“Tomorrow, we will talk about the things you are concerned about. Today, I want to get to know you a bit better and explain what will happen if we do a video interview”

The interviewer can also use the opportunity to answer any questions the child may have about the conduct of the interview and explain any transport arrangements. Some interviewers use this opportunity to introduce some of the ground rules to the child, while others do so exclusively on the videotape. If any of the ground rules are introduced at this stage, then they should be repeated in the formal interview to demonstrate that the necessary procedures have been completed.

The needs of the child may require that this assessment should take place in the child’s home or another setting and/or over a number of sessions. No inducements should be offered for complying with the investigative process.

It is likely that for some children, assessment (s) will indicate that their needs are not best met by proceeding with a full formal interview.

The assessment should be made jointly and should inform the planning process.  

Additional factors to be explored in the assessment prior to a video interview may include:

  • The child’s ability and willingness to talk within a formal interview setting to a police officer, social worker or other trained interviewer;
  • An explanation to the child of the reason for a video interview for criminal proceedings;
  • The ground rules for the interview;
  • The opportunity to practise answering open questions
  • Will the needs of the child and the needs of Criminal Justice best be met by use of a video record?

Video Taped Interview

All joint video interviews will be conducted using the PEACE model of investigative interviewing, as detailed in The Practical Guide to Investigative Interviewing.

As part of the planning for interview, the joint interviewing pair will need to consider how and by whom the video interview is conducted.  Where the interview is to be undertaken jointly, consideration should be given to who will take the lead based on the needs of the child.

Whilst Police and Children’s Social Care have distinct and separate roles in the investigation of concerns, both have a joint responsibility to assess risk and ensure appropriate safeguards are in place to protect the child. Thus at the conclusion of a joint interview, the conclusions arising from the interview, and any subsequent actions required will be discussed and agreed between the police officer and the social worker.


The decision about when to inform the parent or carer will have a bearing on the conduct of police investigations. The strategy discussion should therefore decide how and when parents/carers will be informed and their subsequent level of participation.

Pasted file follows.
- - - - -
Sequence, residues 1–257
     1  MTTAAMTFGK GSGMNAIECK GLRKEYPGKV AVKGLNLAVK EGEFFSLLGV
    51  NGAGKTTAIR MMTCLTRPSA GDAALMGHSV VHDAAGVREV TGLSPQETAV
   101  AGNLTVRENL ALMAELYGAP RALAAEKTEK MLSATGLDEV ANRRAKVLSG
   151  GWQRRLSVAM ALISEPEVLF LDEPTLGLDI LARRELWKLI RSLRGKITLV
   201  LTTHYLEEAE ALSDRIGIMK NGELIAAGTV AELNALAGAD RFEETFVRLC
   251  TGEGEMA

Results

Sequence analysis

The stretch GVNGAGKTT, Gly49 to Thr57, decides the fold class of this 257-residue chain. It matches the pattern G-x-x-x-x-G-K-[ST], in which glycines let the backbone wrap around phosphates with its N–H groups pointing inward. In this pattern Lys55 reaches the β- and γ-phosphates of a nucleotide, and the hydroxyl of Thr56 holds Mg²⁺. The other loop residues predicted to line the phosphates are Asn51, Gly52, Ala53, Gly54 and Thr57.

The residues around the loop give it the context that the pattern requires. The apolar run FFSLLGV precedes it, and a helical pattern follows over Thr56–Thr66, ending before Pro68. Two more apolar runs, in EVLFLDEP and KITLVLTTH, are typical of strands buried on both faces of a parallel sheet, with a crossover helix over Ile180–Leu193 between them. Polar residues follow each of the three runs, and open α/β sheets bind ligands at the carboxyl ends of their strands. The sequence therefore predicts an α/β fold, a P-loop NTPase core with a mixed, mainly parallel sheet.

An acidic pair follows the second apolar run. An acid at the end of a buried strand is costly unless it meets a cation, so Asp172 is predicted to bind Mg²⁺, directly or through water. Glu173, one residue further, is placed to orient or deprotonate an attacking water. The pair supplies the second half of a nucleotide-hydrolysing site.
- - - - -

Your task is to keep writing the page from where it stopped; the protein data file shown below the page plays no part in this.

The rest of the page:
Interviewers are responsible for ensuring that, as far as possible, the child is freely participating in the interview, and not merely complying with a request from adult authority figures.

Permission to interview a child, whether video-recorded or not, will normally be sought from a person with parental responsibility for the child.

There may be occasions when the investigating team needs to interview a child without the knowledge of the parent or carer.  Relevant circumstances would include:

  • The possibility that a child might be threatened or otherwise coerced into silence;
  • A strong likelihood that evidence might be destroyed;
  • The child does not wish the parent to be involved at that stage, and is competent to make such a decision.

Proceeding with the interview without parental knowledge will need to be carefully managed and legal advice should normally be sought.


Police and Children’s Services will each produce their own records in accordance with their own agency procedures.

However, Police forms SUJ1 (Contact with a vulnerable witness) and SUJ2/A (Planning for vulnerable witness) should be completed jointly in joint investigations, and a copy retained by the Police Officer and Social Worker.

When a joint interview is video-recorded, this will provide the main record – however, the conclusions arising from the interview and any subsequent action required will be discussed and the outcome agreed between the Police Officer and Social Worker. This will be recorded on SUJ1. Additionally, the social worker will need to record the details of the interview for the case record.

At the conclusion of the S47 enquiry, Children’s Social Care will complete a “Record of the outcome of S47 enquiries” form, in consultation with the Police (and other agencies where appropriate), and a copy will be retained on both Police and Children’s Social Care files.

12. The Outcome of Section 47 Enquiries

Children’s Social Care is responsible for deciding how to proceed with the enquiries and risk assessment based on the strategy discussion/meeting and taking into account the views of the child, their parents and other relevant parties (e.g. a foster carer). It is important that they ensure that both immediate risk assessment and long term risk assessment are considered. Where the child's circumstances are about to change, the risk assessment must include an assessment of the safety of the new environment (e.g. where a child is to be discharged from hospital to home the assessment must have established the safety of the home environment and implemented any support plan required to meet the child's needs).

At the completion of the Section 47 Enquiry, Children’s Social Care must evaluate and analyse all the information gathered to determine if the threshold for significant harm has been reached.

The outcome of the Section 47 Enquiries may reflect that the original concerns are: